The Legal 500 Green Guide: Latin America

Latin America


Market overview

Welcome to the inaugural Latin America Green Guide.

Compared to Europe, North America and East Asia, Latin America has lagged behind in awareness and adoption of ESG practices. The region remains marked by social inequality, environmental degradation and political corruption, and would highly benefit from decarbonisation to address the growing threat of climate disasters.

However, over the past couple of years, ESG issues have moved into focus as the region has seen a recent explosion of ESG debt issuance. Latin America’s corporates have embraced sustainable debt financing and there has been a notable shift in Latin American companies taking a more ESG-driven approach.

Government regulators are also increasingly driving ESG efforts across Latin America. Amidst the Covid-19 pandemic, Latin American governments have been using ESG as an instrument to address social and environmental matters, and consequences of the pandemic. Various countries have been promoting and starting to implement ESG policies to attract investors and drive investment to the region. Mexico, Chile and Colombia, for example, have made recent regulatory advancements in the ESG arena.

In Brazil, the largest country in the region and therefore a key player, president Jair Bolsonaro campaigned to take the country out of the Paris Agreement, and his engagement with the issue of climate change has been widely seen to be limiting at best and detrimental at worst – with deforestation being a major concern. This stands in stark contrast to the private sector where large Brazilian companies appear to be on board with a more sustainable approach to business, not least due to commercial and reputational concerns.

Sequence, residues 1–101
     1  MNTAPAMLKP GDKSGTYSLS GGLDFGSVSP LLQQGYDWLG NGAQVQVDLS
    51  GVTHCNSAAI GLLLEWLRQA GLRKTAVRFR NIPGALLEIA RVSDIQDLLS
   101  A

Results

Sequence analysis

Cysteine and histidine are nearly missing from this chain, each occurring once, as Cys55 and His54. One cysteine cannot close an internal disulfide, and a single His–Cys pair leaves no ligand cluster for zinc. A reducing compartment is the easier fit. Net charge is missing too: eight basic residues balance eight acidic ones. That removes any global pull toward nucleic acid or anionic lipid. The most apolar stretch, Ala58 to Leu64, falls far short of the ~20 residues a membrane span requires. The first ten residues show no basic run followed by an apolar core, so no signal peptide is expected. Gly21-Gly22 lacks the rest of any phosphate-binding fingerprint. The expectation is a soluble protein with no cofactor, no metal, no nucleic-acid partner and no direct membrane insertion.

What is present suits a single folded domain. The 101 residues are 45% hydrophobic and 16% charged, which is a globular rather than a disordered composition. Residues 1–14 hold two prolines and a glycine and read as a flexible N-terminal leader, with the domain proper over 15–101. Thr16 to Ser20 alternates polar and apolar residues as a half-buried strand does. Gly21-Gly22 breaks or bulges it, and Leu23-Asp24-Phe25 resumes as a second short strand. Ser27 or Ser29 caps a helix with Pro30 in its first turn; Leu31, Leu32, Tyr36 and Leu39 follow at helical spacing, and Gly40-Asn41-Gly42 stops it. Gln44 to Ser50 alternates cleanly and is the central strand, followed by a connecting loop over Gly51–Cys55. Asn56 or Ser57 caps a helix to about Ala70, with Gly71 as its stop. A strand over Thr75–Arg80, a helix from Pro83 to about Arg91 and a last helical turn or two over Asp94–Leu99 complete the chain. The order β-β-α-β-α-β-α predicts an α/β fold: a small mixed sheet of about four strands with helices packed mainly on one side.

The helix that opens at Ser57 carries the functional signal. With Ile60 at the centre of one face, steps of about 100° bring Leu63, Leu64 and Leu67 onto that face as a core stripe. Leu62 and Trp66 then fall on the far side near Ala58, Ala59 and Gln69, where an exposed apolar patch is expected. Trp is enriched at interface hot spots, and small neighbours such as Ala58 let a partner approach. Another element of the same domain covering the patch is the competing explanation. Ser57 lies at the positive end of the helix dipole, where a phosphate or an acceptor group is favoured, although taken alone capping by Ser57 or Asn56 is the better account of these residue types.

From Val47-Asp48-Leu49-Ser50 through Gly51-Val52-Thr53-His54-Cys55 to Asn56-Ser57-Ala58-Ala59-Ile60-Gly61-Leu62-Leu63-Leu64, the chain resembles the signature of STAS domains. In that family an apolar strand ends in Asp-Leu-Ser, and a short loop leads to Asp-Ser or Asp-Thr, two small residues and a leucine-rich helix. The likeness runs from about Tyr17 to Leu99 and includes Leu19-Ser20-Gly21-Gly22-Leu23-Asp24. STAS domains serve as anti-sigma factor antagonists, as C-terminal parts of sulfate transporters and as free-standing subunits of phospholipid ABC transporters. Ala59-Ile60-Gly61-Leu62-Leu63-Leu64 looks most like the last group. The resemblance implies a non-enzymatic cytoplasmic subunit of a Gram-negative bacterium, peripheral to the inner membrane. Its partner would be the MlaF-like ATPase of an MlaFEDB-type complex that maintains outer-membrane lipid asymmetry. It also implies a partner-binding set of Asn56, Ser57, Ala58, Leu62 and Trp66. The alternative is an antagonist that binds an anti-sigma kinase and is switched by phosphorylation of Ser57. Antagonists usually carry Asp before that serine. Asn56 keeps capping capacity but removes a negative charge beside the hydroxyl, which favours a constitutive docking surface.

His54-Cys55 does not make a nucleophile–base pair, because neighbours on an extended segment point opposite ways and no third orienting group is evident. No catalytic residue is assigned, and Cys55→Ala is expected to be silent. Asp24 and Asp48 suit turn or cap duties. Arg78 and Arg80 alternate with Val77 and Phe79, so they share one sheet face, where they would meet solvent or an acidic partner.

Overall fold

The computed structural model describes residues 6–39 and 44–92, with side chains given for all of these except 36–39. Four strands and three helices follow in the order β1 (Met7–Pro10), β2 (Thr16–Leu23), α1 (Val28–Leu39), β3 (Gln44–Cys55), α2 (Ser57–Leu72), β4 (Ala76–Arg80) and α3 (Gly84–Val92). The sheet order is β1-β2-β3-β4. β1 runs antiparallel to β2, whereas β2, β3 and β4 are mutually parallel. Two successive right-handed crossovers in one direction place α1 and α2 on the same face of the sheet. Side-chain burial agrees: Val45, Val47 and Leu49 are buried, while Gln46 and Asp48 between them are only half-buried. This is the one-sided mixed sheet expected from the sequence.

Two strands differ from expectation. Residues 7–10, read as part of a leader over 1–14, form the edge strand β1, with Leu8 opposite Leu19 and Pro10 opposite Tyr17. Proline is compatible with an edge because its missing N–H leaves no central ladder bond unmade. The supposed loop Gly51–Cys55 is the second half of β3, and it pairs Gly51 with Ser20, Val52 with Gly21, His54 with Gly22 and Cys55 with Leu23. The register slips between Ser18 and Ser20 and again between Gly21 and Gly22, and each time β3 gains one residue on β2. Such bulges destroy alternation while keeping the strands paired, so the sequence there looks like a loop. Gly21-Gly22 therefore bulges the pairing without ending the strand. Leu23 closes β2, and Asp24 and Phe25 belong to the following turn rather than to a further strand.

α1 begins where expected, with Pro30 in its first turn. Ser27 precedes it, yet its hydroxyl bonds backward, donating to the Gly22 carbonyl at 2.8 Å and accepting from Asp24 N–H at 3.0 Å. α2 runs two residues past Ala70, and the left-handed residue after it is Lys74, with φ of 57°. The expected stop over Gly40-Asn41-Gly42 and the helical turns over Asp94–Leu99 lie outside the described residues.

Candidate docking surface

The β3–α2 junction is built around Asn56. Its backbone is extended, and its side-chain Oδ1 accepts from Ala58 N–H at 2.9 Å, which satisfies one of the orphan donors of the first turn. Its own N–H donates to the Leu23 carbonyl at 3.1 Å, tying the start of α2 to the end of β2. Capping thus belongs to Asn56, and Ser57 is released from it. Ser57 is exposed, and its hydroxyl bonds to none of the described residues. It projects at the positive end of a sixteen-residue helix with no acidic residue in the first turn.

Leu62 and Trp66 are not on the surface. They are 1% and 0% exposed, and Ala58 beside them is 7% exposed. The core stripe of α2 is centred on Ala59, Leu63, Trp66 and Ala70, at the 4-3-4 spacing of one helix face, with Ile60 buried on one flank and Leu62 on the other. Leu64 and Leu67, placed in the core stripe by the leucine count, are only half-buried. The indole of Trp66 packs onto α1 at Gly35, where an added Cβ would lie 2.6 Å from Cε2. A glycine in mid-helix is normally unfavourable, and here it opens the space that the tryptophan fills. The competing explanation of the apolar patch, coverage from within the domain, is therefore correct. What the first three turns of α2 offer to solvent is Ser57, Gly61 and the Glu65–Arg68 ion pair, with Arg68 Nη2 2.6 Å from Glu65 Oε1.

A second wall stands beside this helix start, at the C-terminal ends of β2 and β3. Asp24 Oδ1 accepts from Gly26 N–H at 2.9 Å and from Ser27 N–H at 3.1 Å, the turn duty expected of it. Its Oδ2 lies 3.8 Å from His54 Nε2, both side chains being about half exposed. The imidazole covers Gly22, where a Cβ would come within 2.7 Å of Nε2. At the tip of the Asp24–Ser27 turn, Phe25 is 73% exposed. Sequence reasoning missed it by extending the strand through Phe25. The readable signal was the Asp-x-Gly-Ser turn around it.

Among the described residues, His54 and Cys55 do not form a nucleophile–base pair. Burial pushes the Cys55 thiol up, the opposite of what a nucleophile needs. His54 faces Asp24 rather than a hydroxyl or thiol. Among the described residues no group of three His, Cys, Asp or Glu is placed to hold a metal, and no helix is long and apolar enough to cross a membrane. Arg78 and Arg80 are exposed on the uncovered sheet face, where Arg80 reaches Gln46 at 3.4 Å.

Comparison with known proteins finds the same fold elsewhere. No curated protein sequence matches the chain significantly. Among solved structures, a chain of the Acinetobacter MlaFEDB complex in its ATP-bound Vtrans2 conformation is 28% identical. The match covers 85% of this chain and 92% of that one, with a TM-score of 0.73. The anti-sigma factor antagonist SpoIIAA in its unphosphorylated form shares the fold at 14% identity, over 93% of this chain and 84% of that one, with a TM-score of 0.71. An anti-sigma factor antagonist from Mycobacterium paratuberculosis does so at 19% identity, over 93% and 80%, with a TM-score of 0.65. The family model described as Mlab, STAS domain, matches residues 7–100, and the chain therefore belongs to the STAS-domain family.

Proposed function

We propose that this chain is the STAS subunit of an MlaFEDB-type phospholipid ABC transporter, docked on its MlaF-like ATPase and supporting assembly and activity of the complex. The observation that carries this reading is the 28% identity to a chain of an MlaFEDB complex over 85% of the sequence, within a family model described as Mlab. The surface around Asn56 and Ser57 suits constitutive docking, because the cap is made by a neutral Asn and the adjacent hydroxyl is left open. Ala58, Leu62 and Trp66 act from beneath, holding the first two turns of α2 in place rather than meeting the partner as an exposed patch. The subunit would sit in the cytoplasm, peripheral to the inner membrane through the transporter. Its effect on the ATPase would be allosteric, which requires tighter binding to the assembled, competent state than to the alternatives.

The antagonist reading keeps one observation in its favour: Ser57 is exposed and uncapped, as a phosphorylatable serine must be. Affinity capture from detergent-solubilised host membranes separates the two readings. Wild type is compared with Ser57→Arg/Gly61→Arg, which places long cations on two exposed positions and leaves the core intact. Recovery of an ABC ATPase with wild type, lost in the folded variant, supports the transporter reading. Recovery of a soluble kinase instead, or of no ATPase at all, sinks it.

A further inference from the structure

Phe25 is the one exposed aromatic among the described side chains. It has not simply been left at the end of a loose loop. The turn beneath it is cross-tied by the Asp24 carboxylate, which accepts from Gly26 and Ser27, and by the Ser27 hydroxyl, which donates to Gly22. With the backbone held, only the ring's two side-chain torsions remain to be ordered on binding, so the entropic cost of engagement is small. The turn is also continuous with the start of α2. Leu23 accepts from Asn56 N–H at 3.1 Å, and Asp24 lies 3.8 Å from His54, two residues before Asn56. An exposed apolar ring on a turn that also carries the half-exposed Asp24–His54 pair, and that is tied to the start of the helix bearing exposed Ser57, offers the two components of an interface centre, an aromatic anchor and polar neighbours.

As some jurisdictions are further along than others, a country that stands out above the rest is longstanding environmental leader Costa Rica, often hailed as Latin America’s climate champion. With its National Decarbonisation Plan which aims to achieve carbon neutrality by 2050, the country has set itself a goal more ambitious than its Paris Agreement targets, and has simultaneously paved the way for other countries, particularly in Central America, to adjust their commitments.

ESG concerns are doubtlessly continuing to climb up the corporate agenda in Latin America, and law firms will consequently play an increasingly important role in assisting companies with sustainability goals and business transformation. We hope you find this initial guide to some of the key firms engaging with sustainability within the context of the Latin American market useful, and look forward to continually evolving our coverage as the market develops.

Anna Baubock
Anna Bauböck | Editor
Olivia Hart | Senior researcher